Everlasting Flowers Between the Pages: Botanical Watercolors in the Seventeenth-Century Low Countries

2018–2022, PhD Project, Funded by the NWO Promoties in de Geesteswetenschappen

The recent embrace of citizen science recognizes non-experts as important producers of knowledge. To understand the historical grounds of how these issues of data quality control and expertise were decided, this project delves into the epistemic value of seventeenth-century flower books. The flower book is an assemblage of flower watercolors, which amateur collectors commissioned as records to document their plants. Amateur collectors were among the most important figures to cultivate and study rare and exotic plants. Thus, while early modern treatises by physicians and botanists represent experts’ contributions to the advancement of botany, flower books offer a new window into the botanical visual expertise that was brought to the foreground by the collectors.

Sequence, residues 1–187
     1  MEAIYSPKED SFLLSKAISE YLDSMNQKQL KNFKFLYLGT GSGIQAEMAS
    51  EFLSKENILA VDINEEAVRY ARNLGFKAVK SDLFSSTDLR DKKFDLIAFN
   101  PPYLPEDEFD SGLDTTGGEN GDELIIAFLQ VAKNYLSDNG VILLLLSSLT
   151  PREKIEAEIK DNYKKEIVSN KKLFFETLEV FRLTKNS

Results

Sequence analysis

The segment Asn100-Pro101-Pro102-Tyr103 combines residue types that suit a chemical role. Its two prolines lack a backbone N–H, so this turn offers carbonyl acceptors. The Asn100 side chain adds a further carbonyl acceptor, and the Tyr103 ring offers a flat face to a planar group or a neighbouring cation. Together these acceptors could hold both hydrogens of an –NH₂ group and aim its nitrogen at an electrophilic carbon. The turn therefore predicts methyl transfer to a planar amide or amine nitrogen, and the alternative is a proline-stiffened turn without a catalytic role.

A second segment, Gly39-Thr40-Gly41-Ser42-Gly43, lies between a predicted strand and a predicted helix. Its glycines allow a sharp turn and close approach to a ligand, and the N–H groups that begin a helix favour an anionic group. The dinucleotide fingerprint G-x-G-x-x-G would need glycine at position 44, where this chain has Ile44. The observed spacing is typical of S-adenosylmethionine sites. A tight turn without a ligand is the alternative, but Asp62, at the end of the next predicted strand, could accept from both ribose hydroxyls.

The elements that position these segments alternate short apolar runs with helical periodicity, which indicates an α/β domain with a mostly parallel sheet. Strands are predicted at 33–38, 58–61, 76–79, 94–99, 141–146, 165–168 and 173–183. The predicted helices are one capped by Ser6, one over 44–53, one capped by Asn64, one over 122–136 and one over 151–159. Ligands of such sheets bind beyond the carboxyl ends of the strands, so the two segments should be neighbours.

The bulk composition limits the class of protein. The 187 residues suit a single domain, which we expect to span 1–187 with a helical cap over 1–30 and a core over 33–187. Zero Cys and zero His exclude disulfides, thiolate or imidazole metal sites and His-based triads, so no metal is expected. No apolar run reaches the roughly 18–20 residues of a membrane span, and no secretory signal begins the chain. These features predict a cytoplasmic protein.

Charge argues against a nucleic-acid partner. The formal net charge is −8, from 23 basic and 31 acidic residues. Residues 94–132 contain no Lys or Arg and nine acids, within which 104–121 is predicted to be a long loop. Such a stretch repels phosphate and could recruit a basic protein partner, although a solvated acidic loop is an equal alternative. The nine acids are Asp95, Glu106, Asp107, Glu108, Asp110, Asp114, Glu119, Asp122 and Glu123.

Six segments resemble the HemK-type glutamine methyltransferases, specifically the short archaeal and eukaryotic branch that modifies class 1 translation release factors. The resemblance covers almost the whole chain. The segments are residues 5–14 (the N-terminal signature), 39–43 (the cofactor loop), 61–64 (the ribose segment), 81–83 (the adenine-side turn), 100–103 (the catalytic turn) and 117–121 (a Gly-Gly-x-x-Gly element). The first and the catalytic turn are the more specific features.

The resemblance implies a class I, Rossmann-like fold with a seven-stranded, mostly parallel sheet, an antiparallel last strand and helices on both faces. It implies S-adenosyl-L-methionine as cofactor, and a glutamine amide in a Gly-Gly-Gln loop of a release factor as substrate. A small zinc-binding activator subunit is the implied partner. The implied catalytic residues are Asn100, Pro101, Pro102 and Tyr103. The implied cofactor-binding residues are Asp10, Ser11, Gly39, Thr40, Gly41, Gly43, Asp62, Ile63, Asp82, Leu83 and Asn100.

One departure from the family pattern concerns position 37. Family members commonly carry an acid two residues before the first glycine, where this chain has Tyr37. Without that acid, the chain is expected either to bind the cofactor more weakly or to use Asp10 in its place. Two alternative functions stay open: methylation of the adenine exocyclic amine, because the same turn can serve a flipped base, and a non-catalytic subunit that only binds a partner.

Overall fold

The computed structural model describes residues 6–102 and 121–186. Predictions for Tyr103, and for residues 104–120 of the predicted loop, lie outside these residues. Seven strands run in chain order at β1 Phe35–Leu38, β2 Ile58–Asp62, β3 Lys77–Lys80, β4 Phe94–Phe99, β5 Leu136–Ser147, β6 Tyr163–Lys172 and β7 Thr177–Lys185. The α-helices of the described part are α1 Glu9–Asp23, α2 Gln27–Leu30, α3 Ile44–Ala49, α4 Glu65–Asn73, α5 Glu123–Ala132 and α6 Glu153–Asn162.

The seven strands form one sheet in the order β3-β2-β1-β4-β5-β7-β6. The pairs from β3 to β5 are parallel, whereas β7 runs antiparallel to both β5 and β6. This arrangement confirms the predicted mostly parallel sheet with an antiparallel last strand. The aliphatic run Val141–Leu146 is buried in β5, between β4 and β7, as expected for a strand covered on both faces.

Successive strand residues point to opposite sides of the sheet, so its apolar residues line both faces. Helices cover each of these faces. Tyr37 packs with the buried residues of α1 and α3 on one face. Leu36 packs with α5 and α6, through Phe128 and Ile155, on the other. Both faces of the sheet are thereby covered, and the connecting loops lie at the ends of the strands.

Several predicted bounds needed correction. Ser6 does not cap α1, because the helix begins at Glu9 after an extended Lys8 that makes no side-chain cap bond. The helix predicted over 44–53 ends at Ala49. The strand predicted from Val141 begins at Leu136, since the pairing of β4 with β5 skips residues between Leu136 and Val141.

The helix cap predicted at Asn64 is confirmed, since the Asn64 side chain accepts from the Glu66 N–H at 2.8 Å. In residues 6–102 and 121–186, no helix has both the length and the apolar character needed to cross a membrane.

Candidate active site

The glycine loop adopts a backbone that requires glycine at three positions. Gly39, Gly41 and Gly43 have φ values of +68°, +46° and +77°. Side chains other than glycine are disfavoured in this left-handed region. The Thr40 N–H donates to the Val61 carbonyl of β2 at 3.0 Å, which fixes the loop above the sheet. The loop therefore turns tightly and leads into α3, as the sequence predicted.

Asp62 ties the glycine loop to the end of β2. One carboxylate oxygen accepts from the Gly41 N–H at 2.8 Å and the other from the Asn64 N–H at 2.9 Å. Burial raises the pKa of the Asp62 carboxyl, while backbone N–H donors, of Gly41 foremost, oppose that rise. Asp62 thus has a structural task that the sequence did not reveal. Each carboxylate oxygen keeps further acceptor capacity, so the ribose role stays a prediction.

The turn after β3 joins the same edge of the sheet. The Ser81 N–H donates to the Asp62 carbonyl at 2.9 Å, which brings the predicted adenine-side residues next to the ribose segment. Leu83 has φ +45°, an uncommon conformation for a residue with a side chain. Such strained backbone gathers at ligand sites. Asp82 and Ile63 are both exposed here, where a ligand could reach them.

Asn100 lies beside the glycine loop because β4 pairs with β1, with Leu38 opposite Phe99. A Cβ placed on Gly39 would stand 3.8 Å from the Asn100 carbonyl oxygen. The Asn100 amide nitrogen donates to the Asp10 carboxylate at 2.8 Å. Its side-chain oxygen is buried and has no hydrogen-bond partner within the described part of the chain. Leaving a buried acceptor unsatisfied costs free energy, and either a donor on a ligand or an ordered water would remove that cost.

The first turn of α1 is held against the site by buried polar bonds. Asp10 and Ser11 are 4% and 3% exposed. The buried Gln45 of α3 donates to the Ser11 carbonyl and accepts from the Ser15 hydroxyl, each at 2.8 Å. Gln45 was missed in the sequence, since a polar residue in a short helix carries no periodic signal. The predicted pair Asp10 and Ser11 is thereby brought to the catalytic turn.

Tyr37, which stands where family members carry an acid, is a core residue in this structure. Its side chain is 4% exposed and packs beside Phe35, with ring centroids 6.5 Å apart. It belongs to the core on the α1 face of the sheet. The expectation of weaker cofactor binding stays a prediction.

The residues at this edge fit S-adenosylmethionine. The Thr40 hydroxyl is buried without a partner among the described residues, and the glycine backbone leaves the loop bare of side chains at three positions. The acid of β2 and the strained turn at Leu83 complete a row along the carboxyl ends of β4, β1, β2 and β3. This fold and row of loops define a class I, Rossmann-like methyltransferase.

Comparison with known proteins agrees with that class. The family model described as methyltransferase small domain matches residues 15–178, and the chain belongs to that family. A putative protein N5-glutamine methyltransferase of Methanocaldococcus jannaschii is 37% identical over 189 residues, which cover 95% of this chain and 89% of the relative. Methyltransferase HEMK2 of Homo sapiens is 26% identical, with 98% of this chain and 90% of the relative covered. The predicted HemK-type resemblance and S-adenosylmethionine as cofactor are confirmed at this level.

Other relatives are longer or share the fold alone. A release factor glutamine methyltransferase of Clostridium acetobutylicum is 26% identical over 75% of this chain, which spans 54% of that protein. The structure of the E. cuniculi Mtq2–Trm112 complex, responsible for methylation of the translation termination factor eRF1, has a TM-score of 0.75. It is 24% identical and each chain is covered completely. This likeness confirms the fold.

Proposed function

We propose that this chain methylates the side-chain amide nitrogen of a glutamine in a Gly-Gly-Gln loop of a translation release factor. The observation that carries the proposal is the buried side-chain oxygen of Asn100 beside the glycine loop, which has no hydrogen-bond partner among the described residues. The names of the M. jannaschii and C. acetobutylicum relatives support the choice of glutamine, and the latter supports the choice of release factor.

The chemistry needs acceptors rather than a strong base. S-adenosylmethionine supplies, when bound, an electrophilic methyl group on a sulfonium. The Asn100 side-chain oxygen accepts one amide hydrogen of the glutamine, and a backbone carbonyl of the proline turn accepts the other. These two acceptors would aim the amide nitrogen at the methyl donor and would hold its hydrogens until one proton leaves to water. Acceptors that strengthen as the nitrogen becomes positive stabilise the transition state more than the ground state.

This project will explain how botanical watercolors in seventeenth-century flower books contributed to the generation of (natural historical) knowledge by amateur collectors in the early modern Low Countries. The three aspects of inquiry include: 1) The position of flower books in the visual culture of botanical imagery. 2) The practice of collecting nature on paper. 3) The material significance of watercolor. This interdisciplinary project participates in the current international discourse about how (botanical) art and imagery impacted scientific advancement in the early modern period. It brings further insight into how amateurs acted as producers of knowledge within the cultural phenomenon of collecting nature. By studying the material properties and qualities of watercolor, it also provides a new model to study watercolors as carefully thought-out and finished artworks instead of as preparatory sketches for oil painters.

 

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